Monday, April 27, 2009

The Good and Bad of Financial Liberalisation

For full details read the press release from BNM:

"The liberalisation measures announced today aims to strengthen Malaysia 's economic interlinkages with other economies and enhancing the role of the financial sector as a key enabler and catalyst of economic growth. These liberalisation measures are consistent with the objectives committed under the Financial Sector Master Plan (FSMP) issued in 2001 to develop a resilient, diversified and efficient financial sector. More than 90% of the FSMP initiatives have been completed or are being implemented on an ongoing basis."

The operational measures are fairly minor, except for insurance and takaful companies which will now be allowed to open branches without limit, and onshoring of qualified offshore FIs. The other two categories are more interesting however: BNM is offering two new Islamic banking licenses (subject to a minimum capital base of USD1 billion), five new commercial banking licenses, and two additional takaful licenses. Foreign equity limits have also been raised to 70% for all institutions except for the depository banks, and potentially higher for insurance operators.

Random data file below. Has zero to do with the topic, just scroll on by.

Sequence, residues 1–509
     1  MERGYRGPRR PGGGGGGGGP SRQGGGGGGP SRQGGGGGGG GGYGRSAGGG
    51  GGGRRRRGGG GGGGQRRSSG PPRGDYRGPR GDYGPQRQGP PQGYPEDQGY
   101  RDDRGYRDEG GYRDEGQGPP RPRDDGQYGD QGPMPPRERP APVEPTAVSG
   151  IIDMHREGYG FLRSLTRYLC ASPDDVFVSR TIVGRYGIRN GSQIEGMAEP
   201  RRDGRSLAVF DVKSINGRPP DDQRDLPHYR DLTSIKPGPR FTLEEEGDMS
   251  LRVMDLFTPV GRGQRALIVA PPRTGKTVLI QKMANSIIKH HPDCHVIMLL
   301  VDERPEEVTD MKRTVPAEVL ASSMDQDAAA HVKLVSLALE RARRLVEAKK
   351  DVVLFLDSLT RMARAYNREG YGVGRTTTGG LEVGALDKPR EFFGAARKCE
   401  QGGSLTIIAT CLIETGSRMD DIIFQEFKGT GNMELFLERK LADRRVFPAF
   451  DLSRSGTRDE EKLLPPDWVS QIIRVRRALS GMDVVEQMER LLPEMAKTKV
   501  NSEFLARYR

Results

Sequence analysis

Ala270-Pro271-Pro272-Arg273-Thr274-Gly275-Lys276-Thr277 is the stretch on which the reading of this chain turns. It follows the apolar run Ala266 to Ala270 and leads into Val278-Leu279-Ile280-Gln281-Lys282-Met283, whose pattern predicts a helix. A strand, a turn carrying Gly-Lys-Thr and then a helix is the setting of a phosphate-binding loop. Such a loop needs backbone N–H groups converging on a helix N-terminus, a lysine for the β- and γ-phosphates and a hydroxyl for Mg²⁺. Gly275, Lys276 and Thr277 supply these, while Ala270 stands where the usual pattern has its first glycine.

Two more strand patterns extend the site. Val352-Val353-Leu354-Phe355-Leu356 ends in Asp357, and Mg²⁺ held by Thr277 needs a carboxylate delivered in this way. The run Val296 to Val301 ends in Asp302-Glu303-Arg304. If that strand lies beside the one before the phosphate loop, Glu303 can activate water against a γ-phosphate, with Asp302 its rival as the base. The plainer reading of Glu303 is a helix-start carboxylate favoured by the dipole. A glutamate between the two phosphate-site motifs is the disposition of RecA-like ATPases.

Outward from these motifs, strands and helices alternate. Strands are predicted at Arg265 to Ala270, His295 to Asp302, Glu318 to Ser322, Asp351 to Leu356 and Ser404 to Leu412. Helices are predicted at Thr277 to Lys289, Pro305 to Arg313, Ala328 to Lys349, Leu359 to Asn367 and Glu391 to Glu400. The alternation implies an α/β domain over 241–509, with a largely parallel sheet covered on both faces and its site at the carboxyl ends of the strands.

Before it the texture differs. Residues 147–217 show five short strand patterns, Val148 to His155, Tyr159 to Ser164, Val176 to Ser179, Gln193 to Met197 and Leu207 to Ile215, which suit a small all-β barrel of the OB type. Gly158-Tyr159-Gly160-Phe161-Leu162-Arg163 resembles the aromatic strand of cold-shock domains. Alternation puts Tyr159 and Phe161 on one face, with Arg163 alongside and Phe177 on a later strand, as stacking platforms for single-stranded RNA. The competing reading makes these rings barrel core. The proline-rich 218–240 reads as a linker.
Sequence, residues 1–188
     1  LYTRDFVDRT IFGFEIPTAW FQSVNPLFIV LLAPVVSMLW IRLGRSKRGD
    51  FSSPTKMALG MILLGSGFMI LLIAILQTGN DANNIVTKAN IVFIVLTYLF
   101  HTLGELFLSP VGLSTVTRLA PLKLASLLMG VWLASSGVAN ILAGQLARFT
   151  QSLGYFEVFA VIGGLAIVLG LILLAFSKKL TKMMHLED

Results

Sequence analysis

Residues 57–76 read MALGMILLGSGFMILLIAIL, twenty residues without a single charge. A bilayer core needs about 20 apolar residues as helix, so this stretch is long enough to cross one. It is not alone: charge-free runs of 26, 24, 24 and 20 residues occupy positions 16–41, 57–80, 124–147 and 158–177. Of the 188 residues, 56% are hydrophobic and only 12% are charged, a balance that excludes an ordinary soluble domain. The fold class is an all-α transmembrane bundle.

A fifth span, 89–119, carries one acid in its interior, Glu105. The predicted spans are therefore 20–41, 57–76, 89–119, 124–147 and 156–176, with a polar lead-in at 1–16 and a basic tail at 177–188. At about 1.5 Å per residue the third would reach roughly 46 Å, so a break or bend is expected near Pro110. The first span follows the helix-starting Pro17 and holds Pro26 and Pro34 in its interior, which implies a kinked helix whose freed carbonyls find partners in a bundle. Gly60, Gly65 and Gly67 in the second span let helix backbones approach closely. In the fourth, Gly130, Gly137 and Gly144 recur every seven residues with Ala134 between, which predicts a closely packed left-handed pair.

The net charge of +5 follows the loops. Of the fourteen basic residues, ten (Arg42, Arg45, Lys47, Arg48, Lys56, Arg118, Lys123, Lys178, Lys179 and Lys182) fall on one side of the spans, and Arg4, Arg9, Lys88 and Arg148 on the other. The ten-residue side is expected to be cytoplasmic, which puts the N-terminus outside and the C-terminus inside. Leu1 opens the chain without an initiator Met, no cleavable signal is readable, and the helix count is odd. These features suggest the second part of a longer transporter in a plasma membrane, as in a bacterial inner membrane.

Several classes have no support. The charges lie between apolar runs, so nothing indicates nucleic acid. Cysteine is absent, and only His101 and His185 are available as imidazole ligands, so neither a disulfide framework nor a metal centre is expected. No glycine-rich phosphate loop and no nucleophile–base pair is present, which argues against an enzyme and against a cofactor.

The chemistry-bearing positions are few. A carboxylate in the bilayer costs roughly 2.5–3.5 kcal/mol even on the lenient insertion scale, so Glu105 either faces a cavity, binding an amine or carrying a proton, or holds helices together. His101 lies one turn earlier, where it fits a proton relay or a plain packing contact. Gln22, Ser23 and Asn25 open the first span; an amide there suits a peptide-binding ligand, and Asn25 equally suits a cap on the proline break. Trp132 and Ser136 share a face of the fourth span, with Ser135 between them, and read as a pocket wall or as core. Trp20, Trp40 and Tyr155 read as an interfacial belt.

My first instinct as an economist is this is all good - the more competition, the greater should be the efficiency of the banking system, and the greater should be the impact on social welfare. It's also clear that BNM is pushing for the continued development of Malaysia as the centre for Islamic banking and takaful.

However, the pragmatist in me wonders what having all this additional capital pumped into the banking system will do to credit creation (I'm not familiar enough with the insurance sector to make a stab at commenting on the impact). Right now banks aren't lending enough and creating more competition won't necessarily reduce the headwinds against additional lending. On the other, if and when the economy recovers (i.e. when these new banks start business), that's additional capital looking for a source of yield in an already crowded local market.

It would be interesting to see what will happen. These new banks could conceivably cannibalize business (deposits and lending) from existing players, in which case we get the efficiency and welfare gains that we're looking for. If on the other hand they add on to existing business (in other words, if they have to resort to wholesale funding), then we have an increase in systemic risk and the potential for a credit boom-bust cycle.

Assuming the five CBs have a capital base of USD500 million each, adding the USD2 billion from the new Islamic banks gives a total of USD4.5 billion as core capital. Assuming an average of 13% RWCR, and that core capital is half that, that implies additional credit of USD72 billion, or about RM250 billion, which represents a third of current total loans.